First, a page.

190. The manual restraint of sheep is entirely dependent on the skill, care and consideration of the handlers and is a physically demanding procedure. We were concerned with some of the illegal handling practices we saw where young sheep were lifted by the fleece. With larger, heavier animals the effort required to lift animals would be even greater. The risk is that the welfare of the animals, particularly with higher throughput, may be neglected for the sake of expediency.


191. There is equipment available for restraining sheep on-farm, for example crates used for husbandry procedures such as foot trimming, which we believe could be adapted for restraining sheep prior to this slaughter method.


Recommendations


192. The legislation prohibiting the lifting of sheep by the fleece should be enforced by the OVS.


193. Alternatives to manual restraint methods for sheep should be explored by the industry for use at slaughter without pre-stunning.


 


Pain and distress during exsanguination


194. We have carefully considered the representations we have received which have put forward the view that a neck cut is not painful provided it is a rapid, uninterrupted movement carried out with an extremely sharp knife. It is difficult to measure pain and distress during the slaughter process in an objective scientific manner and subjective indicators, such as behavioural responses and vocalisation, are prevented from being displayed because of the degree of restraint and the severance of the trachea respectively. By the same token, it is impossible to state with objectivity that an animal would not feel pain and distress following such a procedure.


195. When a very large transverse incision is made across the neck a number of vital tissues are transected including: skin, muscle, trachea, oesophagus, carotid arteries, jugular veins, major nerve trunks (e.g. vagus and phrenic nerves) plus numerous minor nerves. Such a drastic cut will inevitably trigger a barrage of sensory information to the brain in a sensible (conscious) animal. We are persuaded that such a massive injury would result in very significant pain and distress in the period before insensibility supervenes.


196. Additionally, on one visit, we observed the slaughterman place his hand into the neck wound of cattle immediately after the cut had been made, presumably to try to ensure the free flow of blood from the severed carotid arteries (see ‘occlusion’ below). This procedure in itself is, in our view, likely to cause further unnecessary pain and distress and is also unlikely to achieve its objective.


Recommendation


197. Where an animal has not been stunned, the OVS must ensure that nothing is inserted into the neck wound post-cut.


 


Time to loss of brain responsiveness


198. Loss of sensibility post-cut can be detected by observing brain function through electroencephalographic methodology – a lack of response indicating certain insensibility or death. The scientific evidence shows that sheep become insensible within 5-7 seconds of the cut (3-7 seconds in goats). Adult cattle, however, may take between 22 and 40 seconds to become insensible. This period may be extended should occlusion of the carotid arteries take place. Work done on calves has shown a variation in period to insensibility from 10-120 seconds depending on the extent of occlusion of the carotid arteries or ballooning in blood vessels. Furthermore, a separate study of brain response after Shechita slaughter of cattle compared to that after captive-bolt stunning indicated responses for up to 60 seconds in the former and no response in the latter. (The difference in the times to loss of sensibility between the various species is due to anatomical differences in the blood supply to the brain).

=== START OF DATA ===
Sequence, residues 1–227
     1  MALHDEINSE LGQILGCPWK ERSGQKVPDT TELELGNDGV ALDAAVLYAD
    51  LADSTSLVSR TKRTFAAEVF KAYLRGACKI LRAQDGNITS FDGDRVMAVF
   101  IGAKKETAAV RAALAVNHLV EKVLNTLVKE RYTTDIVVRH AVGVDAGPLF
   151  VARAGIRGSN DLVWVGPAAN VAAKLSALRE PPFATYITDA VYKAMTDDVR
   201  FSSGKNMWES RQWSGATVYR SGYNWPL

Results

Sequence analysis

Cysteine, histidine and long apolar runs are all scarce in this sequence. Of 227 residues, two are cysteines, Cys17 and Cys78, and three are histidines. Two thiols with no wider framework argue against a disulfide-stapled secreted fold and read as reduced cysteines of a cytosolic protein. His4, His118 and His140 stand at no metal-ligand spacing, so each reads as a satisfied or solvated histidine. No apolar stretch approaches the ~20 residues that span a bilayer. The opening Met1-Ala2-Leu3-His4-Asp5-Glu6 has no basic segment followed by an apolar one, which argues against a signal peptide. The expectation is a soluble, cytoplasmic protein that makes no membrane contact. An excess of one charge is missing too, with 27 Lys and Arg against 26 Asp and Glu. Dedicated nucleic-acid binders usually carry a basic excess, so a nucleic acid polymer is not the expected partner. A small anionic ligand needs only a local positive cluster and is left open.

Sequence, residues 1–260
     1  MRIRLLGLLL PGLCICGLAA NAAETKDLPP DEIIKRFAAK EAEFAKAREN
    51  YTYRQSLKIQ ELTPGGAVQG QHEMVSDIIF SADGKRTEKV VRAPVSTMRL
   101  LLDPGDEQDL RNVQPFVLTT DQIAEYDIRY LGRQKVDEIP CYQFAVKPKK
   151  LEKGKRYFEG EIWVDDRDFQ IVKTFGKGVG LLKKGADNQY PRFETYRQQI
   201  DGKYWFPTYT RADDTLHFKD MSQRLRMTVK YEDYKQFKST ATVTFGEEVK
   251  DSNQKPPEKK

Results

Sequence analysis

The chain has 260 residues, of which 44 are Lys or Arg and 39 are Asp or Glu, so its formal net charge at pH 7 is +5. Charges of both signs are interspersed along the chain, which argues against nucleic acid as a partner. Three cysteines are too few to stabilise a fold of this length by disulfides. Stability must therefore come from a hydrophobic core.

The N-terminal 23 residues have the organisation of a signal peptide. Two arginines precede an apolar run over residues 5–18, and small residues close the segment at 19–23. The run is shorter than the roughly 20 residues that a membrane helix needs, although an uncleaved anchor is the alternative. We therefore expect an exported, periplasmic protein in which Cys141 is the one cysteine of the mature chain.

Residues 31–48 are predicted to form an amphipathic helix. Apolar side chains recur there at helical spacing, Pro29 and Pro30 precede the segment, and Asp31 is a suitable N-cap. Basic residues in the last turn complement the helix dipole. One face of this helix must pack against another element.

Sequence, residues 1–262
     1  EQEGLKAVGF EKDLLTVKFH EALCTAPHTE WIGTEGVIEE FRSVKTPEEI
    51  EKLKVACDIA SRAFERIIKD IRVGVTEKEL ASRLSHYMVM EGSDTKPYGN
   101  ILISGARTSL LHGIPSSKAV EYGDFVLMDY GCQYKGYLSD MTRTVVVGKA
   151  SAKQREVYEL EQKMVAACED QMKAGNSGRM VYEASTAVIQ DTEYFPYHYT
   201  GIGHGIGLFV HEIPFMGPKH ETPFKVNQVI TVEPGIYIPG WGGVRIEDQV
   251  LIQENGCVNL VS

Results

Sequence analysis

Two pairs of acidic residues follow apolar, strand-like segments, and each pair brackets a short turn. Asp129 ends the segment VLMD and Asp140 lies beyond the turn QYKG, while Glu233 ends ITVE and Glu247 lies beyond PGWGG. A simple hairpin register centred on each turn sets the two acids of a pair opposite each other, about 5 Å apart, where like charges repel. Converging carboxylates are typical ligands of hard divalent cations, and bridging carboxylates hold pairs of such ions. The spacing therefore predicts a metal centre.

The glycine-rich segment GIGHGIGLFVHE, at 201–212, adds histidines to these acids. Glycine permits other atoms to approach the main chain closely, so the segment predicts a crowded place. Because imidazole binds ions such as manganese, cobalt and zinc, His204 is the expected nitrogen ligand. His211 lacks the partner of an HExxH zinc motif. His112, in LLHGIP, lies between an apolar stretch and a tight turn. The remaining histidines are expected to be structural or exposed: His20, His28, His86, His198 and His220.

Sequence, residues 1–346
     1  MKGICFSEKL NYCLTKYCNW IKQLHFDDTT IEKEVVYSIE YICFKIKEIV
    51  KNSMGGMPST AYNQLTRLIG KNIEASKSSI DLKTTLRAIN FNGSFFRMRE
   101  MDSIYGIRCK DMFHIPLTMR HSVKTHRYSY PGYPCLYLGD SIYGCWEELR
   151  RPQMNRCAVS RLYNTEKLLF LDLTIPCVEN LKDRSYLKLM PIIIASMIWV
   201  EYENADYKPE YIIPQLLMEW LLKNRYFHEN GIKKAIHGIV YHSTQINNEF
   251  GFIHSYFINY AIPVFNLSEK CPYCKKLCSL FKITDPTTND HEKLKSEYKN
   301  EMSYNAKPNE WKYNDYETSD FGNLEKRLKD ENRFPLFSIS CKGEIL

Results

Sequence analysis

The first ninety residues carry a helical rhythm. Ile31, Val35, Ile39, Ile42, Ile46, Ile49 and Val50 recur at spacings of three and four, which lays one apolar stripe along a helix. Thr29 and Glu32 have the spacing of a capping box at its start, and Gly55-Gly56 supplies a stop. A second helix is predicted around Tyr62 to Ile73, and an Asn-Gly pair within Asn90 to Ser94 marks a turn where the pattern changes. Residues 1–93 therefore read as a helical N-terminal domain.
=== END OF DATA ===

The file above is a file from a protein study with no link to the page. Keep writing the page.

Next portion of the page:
199. Occlusion refers to a phenomenon observed in a proportion of cattle, and particularly in calves, when the carotid arteries have been severed transversely. Very rapidly after the cut, the carotids may, by virtue of their elasticity, retract into their own external connective tissue coat. The connective tissue becomes filled with blood, which then clots thereby occluding the flow of blood from the severed arteries by sealing the cut ends. Because the heart is still beating, the blood pressure in the anterior aorta is maintained and hence also in the vertebral artery. This latter vessel supplies the brain and is not severed during the neck cut. Occlusion therefore has the effect of delaying insensibility for a considerable period and therefore increases the time during which an animal may be experiencing severe pain and distress.


200. Overall, we have looked at slaughter without pre-stunning against the basic principles set out at the beginning of our report which aim to ensure the welfare of animals at slaughter (see Paragraph 8). We consider that at least two of these principles –


pre-slaughter handling facilities that minimise stress and induction to a period of unconsciousness without distress – are not satisfactorily observed. Given that the exemption from pre-stunning is subject to the requirement that unnecessary suffering is not inflicted, we consider that the Government should take steps to repeal this exemption.


Recommendation


201. Council considers that slaughter without pre-stunning is unacceptable and that the Government should repeal the current exemption.


202. The argument has been put to us that a pre-cut stun or an immediate post-cut stun adversely affects the efficiency of exsanguination and that this is a reason for not stunning animals during slaughter. Recent research carried out on the efficiency of bleed-out in sheep following slaughter shows that there is no significant difference in the rate of blood loss from a throat cut with or without stunning, whether the stunning is achieved by electrical means or by captive-bolt. We are therefore not persuaded by this argument. In any event, under optimal conditions, only approximately 50% of the body’s total blood is exsanguinated at slaughter. Of the blood remaining in the carcass, the majority resides in the viscera (30%) with the rest in the muscles (20%). Therefore, any minor difference in the efficiency of bleed-out would have a very minimal effect on the amount of blood remaining in the tissues.


Recommendation


203. Until the current exemption which permits slaughter without pre-stunning is repealed, Council recommends that any animal not stunned before slaughter should receive an immediate post-cut stun.